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|Additional Physical Format:||Online version:
Greer, Germaine, 1939-
New York : Knopf : Distributed by Random House, 1992
|Material Type:||Internet resource|
|Document Type:||Book, Internet Resource|
|All Authors / Contributors:||
|Notes:||Originally published: London : Hamish Hamilton, 1991.|
|Description:||422 pages ; 25 cm|
|Contents:||1. The Undescribed Experience --
2. No Rite of Passage --
3. The Lucky Ones --
4. The Unlucky Ones --
5. All Your Own Fault --
6. The Unavoidable Consequences --
7. Medical Ignorance --
8. The Treatments --
9. The Treatments --
10. The Treatments --
11. Misery --
12. Grief --
13. Sex and the Single Crone --
14. The Aged Wife --
15. The Hardy Perennials --
16. The Old Witch --
17. Serenity and Power.
Quoting extensively from medical, historical, anthropological, literary and other cultural sources, Greer examines the diverse ideas and theories about menopause and aging during the last two hundred years, revealing how they have and have not evolved, concluding that "the sum of our ignorance still far outweighs our knowledge," and that the sum of a woman's self-knowledge is potentially more enlightening than anything she can learn from "objective" observers of her condition. Greer exhorts women to take responsibility for their own health and to question the accepted "truths" and those who determine them. To that end, she makes a detailed study of the various current treatments for menopause - particularly of estrogen replacement therapy, puncturing the overblown promises made on its behalf by the medical profession and drug manufacturers - and explores myriad less well publicized, traditional and alternative non-medical treatments.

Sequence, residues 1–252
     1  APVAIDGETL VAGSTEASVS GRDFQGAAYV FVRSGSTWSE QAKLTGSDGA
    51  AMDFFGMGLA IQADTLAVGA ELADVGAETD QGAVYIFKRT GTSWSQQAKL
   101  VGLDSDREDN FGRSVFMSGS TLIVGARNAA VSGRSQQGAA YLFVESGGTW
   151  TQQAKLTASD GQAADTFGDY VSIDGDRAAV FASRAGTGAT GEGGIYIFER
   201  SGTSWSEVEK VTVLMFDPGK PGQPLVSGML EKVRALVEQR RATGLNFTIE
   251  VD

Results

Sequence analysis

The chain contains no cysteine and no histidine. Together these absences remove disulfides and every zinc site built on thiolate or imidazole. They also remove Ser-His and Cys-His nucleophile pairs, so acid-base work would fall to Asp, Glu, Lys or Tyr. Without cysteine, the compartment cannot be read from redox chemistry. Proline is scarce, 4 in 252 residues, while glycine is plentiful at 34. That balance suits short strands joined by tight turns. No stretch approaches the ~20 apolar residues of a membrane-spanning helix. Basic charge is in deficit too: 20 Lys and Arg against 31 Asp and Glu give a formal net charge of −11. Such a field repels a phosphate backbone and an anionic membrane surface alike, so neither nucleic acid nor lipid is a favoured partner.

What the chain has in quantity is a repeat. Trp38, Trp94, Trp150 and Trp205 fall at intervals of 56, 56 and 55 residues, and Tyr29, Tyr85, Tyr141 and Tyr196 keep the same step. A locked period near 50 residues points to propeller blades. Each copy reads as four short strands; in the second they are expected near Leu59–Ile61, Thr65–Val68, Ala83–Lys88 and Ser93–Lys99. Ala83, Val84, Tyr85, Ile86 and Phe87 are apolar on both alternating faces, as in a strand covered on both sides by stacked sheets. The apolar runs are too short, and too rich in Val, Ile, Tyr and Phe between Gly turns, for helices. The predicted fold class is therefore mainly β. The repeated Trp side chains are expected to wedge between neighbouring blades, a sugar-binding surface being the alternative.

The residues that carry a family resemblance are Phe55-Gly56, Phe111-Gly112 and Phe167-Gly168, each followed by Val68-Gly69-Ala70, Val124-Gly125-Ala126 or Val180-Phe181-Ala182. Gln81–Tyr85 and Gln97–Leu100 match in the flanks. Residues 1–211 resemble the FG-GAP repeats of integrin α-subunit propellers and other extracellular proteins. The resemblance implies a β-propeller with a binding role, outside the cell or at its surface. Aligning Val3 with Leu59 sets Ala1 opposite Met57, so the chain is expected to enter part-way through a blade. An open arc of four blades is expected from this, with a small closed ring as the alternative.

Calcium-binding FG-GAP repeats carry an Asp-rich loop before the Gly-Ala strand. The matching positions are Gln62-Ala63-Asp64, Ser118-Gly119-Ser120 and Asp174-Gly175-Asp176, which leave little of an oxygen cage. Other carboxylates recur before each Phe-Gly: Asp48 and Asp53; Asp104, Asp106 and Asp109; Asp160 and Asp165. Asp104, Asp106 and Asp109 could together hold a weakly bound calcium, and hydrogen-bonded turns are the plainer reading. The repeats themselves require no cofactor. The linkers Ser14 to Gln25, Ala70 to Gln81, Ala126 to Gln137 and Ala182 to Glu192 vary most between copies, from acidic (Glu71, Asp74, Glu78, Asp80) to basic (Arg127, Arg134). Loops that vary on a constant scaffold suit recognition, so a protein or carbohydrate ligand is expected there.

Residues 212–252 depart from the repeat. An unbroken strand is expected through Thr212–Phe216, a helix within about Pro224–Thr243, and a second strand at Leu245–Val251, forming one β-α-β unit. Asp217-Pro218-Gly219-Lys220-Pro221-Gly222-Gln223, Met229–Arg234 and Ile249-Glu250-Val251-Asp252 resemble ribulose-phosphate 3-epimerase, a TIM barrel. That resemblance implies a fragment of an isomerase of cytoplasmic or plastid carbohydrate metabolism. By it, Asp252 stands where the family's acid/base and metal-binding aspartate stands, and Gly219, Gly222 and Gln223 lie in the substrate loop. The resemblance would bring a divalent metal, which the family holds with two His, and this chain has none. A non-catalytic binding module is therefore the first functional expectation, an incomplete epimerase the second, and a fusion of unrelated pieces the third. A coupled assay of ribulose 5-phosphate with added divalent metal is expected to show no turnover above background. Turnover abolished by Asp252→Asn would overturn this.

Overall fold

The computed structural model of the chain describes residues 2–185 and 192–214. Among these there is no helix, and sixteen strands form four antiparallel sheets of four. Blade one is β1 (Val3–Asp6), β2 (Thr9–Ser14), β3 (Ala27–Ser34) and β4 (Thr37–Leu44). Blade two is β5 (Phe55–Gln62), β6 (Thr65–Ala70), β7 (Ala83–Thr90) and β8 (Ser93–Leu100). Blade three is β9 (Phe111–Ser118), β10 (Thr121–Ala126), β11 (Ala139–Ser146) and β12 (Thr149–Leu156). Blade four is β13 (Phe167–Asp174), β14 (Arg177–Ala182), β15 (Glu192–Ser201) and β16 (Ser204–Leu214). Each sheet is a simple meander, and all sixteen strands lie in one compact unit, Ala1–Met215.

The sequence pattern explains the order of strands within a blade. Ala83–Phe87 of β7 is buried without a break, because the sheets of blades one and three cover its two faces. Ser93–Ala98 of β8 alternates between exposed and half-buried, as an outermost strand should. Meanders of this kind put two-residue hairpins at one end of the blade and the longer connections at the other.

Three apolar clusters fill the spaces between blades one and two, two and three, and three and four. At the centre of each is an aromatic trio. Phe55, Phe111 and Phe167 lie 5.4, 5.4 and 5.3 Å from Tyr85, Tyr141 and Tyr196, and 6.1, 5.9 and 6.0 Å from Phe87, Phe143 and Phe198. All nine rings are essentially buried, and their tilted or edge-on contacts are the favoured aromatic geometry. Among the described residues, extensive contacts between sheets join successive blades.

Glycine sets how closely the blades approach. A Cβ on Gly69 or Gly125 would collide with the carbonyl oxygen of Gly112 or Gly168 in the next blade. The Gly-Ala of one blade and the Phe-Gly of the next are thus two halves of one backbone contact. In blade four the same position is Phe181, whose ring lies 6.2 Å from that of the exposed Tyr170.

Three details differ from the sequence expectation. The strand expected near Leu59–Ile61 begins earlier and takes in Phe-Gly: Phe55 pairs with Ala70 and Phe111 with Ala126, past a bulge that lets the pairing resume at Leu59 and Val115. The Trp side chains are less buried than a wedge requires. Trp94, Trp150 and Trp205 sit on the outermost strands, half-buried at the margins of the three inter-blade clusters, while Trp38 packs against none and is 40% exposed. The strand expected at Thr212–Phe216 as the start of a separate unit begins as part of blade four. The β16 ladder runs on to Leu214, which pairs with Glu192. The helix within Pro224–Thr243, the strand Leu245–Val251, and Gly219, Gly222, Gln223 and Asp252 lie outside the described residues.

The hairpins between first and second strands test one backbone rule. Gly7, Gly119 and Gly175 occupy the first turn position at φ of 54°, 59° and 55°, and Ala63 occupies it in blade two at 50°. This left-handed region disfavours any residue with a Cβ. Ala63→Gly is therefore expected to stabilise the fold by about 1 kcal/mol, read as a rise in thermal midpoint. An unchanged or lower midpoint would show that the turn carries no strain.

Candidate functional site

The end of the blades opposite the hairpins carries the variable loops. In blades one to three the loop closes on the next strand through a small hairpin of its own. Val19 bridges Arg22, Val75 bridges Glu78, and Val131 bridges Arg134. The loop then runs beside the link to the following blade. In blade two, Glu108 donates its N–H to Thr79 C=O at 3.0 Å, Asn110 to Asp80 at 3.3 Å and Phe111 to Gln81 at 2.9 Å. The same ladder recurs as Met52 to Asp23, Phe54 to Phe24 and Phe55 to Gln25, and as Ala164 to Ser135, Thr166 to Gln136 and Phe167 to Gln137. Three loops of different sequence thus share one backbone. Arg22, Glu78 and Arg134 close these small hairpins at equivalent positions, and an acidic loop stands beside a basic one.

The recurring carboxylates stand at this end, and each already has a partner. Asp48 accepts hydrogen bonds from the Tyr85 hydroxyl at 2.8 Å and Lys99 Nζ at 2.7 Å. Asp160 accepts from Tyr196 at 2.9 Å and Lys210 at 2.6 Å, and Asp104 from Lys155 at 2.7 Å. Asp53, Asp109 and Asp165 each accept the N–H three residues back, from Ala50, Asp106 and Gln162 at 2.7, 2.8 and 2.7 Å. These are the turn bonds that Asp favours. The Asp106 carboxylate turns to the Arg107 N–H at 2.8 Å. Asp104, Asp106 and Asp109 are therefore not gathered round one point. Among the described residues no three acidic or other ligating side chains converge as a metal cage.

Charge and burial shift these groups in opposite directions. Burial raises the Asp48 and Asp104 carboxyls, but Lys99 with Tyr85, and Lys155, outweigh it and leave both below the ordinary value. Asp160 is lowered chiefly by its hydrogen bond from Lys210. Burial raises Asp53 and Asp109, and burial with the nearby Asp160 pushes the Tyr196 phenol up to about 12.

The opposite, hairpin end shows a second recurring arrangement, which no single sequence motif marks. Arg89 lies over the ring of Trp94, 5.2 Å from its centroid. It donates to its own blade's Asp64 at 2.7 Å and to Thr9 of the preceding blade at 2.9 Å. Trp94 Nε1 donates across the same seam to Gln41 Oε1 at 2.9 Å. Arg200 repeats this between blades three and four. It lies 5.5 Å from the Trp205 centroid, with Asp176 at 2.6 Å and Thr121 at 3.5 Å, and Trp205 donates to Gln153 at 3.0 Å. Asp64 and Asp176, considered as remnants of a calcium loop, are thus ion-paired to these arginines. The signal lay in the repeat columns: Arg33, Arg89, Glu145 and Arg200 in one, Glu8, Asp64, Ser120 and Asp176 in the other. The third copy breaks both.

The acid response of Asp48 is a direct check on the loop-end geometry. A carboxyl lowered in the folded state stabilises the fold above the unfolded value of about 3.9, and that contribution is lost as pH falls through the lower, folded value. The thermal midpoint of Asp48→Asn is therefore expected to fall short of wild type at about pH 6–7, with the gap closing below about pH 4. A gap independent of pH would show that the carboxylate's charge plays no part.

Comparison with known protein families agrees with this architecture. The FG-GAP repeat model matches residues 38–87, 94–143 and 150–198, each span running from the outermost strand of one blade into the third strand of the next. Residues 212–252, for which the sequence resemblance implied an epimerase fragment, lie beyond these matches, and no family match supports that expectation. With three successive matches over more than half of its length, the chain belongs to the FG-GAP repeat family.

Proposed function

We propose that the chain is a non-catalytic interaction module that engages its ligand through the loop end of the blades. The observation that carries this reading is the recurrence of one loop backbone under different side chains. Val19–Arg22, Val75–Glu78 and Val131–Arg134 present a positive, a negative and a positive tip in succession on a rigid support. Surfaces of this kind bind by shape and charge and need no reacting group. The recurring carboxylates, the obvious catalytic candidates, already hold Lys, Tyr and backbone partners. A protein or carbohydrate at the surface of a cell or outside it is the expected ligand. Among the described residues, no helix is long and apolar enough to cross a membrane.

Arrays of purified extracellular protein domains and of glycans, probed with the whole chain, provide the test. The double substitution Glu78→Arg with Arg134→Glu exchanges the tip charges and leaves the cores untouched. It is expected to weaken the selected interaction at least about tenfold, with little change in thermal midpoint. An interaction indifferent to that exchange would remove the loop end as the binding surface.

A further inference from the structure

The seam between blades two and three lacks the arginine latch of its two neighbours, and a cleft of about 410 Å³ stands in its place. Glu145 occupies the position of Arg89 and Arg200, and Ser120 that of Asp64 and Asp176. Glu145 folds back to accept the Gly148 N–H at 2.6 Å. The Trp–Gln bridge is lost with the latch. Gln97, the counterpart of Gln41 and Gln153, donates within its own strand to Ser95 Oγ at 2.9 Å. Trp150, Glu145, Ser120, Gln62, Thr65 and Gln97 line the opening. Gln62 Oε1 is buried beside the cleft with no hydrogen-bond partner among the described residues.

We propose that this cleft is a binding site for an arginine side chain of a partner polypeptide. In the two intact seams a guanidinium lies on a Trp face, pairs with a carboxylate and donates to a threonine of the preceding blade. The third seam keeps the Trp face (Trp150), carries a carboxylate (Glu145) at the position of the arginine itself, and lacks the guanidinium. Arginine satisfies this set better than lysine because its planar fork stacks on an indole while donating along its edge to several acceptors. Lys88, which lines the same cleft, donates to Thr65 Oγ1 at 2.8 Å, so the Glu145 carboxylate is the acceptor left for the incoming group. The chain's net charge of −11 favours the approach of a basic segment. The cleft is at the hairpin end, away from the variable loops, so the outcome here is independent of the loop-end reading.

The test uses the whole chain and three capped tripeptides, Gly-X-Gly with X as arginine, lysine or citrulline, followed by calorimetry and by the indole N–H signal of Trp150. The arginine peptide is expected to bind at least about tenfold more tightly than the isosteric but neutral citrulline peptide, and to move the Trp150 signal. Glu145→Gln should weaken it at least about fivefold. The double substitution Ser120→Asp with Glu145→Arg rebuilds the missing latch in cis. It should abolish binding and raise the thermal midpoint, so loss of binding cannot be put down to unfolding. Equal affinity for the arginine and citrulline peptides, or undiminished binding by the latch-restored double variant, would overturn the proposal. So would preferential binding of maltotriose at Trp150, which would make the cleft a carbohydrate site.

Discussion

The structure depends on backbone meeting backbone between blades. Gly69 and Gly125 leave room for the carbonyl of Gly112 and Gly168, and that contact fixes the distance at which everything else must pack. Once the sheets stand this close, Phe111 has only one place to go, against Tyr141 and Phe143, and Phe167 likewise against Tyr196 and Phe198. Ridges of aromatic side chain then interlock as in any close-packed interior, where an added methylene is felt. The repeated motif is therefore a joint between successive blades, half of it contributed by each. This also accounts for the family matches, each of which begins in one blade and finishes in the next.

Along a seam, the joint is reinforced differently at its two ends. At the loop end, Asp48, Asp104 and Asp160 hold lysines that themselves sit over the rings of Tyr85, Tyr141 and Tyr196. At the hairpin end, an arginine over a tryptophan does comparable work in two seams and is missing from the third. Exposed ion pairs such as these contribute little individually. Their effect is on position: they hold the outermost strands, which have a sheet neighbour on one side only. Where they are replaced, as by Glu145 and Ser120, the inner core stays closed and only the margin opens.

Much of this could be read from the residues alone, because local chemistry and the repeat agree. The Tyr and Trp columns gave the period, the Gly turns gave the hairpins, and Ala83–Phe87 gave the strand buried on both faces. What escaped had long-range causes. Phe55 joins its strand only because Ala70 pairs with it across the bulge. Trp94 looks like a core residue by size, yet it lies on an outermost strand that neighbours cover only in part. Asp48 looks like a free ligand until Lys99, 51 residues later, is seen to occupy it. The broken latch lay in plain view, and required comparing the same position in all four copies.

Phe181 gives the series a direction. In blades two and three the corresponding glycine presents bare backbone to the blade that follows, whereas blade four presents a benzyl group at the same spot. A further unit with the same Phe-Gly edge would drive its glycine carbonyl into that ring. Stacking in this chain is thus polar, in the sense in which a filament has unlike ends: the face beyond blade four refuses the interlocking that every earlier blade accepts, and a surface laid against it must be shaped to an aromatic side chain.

She delves into the full range of emotional and physical changes in the menopausal woman and proposes a new "art" of aging based on each woman's acceptance of her own experience and her transformed needs and desires. The deeply impassioned ideas Germaine Greer puts forth sound a rallying cry against the cultural and sexual stereotypes that have long hampered the lives of menopausal and aging women. With a profound fierceness of purpose, she encourages women to embrace the freedoms inherent in the change and to forge the serenity and power that can be its most permanent consequences. Powerful and provocative, The Change demands alienation and reaction. It is a landmark book.